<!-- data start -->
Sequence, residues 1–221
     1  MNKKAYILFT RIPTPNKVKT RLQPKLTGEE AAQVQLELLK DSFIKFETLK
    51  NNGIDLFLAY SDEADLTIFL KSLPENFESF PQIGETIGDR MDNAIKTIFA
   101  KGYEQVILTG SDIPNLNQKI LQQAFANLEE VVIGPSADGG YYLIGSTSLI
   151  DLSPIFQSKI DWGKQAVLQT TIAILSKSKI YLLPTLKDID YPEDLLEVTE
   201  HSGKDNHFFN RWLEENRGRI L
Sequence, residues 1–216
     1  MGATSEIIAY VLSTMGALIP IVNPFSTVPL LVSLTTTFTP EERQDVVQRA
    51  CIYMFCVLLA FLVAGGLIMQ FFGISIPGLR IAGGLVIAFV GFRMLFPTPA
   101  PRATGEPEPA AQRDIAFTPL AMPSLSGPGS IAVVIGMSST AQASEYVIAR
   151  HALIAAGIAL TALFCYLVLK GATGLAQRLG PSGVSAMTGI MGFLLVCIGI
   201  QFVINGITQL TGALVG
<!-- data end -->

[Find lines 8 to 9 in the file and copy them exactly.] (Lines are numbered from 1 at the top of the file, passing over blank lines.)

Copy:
     1  MGATSEIIAY VLSTMGALIP IVNPFSTVPL LVSLTTTFTP EERQDVVQRA
    51  CIYMFCVLLA FLVAGGLIMQ FFGISIPGLR IAGGLVIAFV GFRMLFPTPA